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General Motors invests in lithium recycling

According to the announcement, the company wants to reach 95 percent recovery

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An editor at eMobilCar


  • 3 min read

General Motors has acquired a stake in the Canadian company Lithion Recycling. The battery recycling supplier plans to open its first commercial plant with an annual capacity of 7500 tons in 2023 and plans to open new plants in the US, Europe and South Korea.

The exact amount that GM Ventures, as the automaker's investment arm, is investing in lithium was not mentioned in the announcement by General Motors. It only says that they participated in a Series A funding round. Since Lithion Recycling published a message with exactly the same wording, no additional information about investments and participation is there either.

In addition to the investment, GM also entered into a strategic partnership with Lithion Recycling. The goal is to test Lithion's reclaimed battery materials for use in the production of new battery cells for GM and to jointly invest in research and development for recycling processes and the recyclability of future battery designs.

Ultium Cells, a joint venture between General Motors and LG Energy Solution, recently began manufacturing batteries at its first of four planned plants (Germany/UK). Primary products made from recycled lithium materials could potentially be used there.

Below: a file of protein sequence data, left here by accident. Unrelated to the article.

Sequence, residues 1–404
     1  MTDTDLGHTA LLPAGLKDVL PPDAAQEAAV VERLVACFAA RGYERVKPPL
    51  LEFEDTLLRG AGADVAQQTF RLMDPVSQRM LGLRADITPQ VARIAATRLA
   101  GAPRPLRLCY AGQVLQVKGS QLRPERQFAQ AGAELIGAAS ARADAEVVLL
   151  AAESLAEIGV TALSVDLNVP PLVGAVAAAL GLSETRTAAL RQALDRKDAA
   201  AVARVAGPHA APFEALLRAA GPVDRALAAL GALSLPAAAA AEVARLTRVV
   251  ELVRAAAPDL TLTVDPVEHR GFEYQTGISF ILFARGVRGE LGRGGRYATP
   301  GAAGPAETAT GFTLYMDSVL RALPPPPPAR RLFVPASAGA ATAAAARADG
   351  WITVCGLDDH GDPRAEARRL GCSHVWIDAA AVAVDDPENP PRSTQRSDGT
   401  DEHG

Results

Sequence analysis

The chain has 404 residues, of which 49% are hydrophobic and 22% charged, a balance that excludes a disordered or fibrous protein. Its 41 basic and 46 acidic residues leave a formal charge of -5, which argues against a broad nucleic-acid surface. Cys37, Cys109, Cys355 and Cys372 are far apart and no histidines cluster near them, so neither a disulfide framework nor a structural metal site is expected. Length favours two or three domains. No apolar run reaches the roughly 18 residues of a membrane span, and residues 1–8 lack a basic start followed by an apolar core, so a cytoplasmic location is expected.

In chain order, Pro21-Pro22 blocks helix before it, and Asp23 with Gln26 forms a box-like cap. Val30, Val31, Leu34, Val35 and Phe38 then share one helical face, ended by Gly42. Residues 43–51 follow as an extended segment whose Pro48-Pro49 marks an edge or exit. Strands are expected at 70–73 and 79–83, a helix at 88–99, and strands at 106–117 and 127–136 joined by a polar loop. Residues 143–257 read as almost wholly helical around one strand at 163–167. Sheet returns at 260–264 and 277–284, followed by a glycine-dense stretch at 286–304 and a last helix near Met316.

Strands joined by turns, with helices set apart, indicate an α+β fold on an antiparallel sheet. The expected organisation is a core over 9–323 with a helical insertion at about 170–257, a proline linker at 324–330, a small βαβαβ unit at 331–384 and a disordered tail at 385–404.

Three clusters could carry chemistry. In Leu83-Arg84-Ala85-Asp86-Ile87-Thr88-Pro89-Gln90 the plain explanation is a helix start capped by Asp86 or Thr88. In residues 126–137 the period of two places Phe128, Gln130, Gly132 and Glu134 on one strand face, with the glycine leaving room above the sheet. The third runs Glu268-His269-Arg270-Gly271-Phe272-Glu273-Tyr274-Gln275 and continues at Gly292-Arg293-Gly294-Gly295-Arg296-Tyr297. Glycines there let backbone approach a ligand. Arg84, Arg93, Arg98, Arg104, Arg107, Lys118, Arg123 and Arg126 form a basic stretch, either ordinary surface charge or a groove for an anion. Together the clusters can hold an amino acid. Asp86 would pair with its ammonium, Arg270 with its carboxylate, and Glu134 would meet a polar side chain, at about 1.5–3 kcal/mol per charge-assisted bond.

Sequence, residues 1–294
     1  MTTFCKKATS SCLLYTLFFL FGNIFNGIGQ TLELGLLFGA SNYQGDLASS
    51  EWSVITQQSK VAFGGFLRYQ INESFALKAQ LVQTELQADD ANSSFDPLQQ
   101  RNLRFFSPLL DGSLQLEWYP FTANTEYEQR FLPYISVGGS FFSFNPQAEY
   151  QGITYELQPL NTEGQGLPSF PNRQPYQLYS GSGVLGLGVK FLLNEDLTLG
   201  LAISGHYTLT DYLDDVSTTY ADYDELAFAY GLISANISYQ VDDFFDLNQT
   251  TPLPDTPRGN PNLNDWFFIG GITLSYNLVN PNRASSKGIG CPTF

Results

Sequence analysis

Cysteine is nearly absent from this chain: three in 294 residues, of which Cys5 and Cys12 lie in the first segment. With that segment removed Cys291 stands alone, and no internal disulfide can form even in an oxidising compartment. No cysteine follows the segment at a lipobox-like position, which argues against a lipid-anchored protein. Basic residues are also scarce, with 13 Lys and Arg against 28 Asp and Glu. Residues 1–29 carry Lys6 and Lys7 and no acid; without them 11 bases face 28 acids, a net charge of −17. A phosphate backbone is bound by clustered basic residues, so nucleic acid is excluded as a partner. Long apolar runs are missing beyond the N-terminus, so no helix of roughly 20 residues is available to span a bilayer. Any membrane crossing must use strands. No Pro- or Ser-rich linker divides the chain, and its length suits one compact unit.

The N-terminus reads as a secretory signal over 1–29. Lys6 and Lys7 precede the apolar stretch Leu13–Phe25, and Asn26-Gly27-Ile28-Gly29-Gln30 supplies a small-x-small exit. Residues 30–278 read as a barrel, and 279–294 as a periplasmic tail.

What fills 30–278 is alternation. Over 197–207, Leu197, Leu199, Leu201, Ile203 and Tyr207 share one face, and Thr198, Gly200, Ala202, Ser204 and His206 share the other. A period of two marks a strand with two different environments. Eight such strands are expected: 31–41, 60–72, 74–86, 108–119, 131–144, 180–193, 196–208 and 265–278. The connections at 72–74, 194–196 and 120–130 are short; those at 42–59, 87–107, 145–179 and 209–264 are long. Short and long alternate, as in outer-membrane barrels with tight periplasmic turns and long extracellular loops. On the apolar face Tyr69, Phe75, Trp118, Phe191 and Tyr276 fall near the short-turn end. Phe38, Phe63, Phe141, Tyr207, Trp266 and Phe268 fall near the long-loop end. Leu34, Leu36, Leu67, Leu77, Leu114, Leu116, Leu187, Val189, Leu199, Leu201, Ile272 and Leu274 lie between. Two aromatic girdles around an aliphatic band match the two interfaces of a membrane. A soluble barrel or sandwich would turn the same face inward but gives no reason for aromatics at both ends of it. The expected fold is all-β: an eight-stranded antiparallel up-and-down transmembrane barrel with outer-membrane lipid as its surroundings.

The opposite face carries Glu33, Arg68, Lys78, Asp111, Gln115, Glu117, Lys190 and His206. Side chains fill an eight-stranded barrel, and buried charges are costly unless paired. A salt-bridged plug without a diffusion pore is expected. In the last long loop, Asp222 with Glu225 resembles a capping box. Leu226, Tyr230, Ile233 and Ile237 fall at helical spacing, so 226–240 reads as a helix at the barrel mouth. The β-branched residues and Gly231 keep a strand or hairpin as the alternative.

According to their own statements, the Canadians have been operating the demonstration plant on a commercial scale since 2020 and, based on the data collected there, are confident that the first commercial plant is scheduled to start in 2023. lithium will only be used with materials such as copper, aluminum and the so-called black mass that won cathode materials. The first hydrometallurgical plant, which then extracts raw materials from the black mass, Lithion wants to commission in 2025.

According to the announcement, Lithion wants to reach 95 percent recovery. Since the process uses energy from renewable sources, greenhouse gas emissions are reduced by 75 percent compared to mining new battery materials, and water consumption is reduced by as much as 90 percent.

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